Santorini volcano, Greece, is one of the best known volcanoes in Europe. It is a cluster of five islands in the southern Aegean sea, and lies about 100 kilometres north of Crete. The main islands of Thera and Therasia trace out the edges of a ‘caldera‘ – a large crater, about 10 kilometres in diameter now filled by the sea – which has formed during the major explosive eruptions of the volcano over the past few tens of thousands of years. This lively volcanic past is spectacularly exposed in the multi-c0loured layers of volcanic rocks that form the cliffs that mark the edge of the caldera.
The island group of Santorini is the most well-known and active volcanic centre of the Hellenic Volcanic Arc in the south Aegean Sea. It is a very complex stratovolcano dominated by a large, sea-flooded caldera created by several large explosive eruptions. The different products of about 2 million years of volcanic activity have accumulated around a small non-volcanic basement, that once formed a small island similar to the other cycladic islands. Most of the volcanic layers are visible in the multi-colored sequences of the impressive steep inner walls of the caldera, striking the visitor who reaches the island by boat.The last eruption took place in an phreatic eruption on Nea Kameni island in 1950.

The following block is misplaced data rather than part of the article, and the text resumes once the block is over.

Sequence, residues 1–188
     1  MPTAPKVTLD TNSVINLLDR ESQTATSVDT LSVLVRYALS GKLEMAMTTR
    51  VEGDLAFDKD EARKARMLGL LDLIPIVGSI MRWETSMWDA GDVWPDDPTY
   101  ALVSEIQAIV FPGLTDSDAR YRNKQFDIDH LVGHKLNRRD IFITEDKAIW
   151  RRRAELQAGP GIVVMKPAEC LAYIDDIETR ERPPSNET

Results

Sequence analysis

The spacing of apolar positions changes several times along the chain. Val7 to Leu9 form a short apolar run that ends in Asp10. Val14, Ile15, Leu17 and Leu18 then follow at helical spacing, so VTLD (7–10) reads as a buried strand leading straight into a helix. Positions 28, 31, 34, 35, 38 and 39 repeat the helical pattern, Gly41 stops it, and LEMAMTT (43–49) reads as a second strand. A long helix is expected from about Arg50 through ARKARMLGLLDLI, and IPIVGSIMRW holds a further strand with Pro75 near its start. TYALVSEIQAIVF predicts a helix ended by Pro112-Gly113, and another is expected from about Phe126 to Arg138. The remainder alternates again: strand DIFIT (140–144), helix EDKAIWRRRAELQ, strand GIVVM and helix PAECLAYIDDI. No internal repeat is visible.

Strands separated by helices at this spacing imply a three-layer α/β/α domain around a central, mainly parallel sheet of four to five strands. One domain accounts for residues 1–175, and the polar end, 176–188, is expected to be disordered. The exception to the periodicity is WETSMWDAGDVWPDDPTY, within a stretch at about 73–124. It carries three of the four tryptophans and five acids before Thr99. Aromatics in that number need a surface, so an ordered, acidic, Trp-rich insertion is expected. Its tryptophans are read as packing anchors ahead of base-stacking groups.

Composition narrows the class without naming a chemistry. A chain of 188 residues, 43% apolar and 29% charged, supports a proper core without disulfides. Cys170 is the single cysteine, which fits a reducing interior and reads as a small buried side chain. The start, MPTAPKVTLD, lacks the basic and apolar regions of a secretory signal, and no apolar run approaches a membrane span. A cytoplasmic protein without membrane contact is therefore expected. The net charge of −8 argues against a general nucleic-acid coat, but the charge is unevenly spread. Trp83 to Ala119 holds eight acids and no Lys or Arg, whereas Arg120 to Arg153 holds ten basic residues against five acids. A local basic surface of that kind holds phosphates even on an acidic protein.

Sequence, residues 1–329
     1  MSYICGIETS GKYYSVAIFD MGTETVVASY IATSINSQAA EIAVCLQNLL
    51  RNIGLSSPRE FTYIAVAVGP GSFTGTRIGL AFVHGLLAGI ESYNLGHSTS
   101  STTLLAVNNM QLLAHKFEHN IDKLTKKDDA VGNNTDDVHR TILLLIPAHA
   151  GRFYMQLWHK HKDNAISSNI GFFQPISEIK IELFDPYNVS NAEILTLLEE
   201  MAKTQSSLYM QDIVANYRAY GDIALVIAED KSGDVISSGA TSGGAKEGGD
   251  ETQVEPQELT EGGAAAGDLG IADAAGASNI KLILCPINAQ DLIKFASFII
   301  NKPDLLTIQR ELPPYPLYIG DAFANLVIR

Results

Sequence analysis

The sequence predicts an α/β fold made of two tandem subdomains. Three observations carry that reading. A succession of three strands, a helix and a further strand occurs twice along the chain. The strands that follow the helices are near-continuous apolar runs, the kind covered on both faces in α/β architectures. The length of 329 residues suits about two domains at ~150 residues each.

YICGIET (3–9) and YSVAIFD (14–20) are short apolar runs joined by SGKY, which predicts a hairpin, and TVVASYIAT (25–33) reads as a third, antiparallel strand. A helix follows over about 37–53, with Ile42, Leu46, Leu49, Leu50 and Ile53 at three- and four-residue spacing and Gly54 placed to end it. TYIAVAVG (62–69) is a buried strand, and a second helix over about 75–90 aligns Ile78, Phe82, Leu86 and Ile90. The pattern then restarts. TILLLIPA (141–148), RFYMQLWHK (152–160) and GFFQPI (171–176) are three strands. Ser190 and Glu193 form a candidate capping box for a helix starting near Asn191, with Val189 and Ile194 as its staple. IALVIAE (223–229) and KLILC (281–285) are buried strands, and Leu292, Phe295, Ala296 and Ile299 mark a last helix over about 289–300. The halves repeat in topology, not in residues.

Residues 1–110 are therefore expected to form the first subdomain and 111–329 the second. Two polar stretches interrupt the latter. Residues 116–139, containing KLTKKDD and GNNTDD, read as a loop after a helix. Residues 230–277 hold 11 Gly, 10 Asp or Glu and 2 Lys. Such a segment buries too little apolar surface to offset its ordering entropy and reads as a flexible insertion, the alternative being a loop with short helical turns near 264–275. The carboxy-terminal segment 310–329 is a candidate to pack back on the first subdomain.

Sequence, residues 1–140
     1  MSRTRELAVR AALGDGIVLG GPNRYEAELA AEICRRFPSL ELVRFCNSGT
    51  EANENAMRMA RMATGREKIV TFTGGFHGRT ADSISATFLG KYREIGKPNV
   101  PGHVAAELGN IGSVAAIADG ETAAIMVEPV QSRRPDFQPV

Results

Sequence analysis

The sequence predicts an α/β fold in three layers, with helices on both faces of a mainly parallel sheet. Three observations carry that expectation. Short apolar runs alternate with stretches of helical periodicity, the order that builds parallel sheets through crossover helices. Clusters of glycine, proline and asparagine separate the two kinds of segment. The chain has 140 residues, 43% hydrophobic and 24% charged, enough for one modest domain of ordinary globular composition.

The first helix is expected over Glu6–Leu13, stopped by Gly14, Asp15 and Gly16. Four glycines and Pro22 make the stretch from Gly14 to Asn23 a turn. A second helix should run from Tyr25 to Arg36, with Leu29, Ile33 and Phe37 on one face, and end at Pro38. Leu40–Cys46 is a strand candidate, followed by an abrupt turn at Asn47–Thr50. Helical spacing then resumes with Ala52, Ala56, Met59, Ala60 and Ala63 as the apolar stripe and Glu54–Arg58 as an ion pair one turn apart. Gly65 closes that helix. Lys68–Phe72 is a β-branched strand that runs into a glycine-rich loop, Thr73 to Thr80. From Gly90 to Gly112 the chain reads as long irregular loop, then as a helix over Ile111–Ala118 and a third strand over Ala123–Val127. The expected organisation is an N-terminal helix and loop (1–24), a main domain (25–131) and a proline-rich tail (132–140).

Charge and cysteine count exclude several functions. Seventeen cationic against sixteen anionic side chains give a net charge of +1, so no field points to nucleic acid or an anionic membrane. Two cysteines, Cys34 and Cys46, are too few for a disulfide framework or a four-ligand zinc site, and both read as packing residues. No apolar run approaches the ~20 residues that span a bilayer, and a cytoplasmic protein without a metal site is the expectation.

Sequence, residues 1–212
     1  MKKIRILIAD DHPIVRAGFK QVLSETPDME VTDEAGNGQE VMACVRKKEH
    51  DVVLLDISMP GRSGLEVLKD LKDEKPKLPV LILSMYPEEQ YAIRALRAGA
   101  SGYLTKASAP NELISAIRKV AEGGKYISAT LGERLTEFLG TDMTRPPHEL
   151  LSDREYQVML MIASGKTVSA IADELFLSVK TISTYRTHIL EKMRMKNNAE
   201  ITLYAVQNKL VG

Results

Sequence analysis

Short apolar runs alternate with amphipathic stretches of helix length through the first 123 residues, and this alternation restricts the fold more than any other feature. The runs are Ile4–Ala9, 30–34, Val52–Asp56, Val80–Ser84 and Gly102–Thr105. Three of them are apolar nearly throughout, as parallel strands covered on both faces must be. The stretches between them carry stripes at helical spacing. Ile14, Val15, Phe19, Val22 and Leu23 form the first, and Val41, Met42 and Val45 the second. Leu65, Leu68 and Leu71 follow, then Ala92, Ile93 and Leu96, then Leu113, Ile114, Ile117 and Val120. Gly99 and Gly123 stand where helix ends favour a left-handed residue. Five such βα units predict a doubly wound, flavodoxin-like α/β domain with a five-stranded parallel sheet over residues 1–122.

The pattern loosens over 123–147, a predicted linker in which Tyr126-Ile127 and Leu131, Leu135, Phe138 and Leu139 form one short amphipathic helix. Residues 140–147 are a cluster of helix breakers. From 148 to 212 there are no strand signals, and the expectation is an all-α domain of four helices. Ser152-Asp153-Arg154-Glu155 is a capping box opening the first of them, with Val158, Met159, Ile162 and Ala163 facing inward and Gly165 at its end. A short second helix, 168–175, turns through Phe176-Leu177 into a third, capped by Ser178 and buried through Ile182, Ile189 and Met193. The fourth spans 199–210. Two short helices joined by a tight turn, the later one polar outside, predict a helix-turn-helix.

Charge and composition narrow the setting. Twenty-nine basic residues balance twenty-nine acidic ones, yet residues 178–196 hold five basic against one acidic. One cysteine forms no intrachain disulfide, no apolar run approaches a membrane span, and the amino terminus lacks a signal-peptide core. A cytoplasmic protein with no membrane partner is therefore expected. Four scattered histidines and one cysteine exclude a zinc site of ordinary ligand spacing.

Santorini is gifted with a unique natural beauty and a wild scenery created by the vocanic eruptions. As it is extremely famous for the beautiful caldera, the island is also known for the two small islands of black lava positioned at the centre of the basin of Santorini which are, geographically, the youngest islets in the Eastern Mediterranean.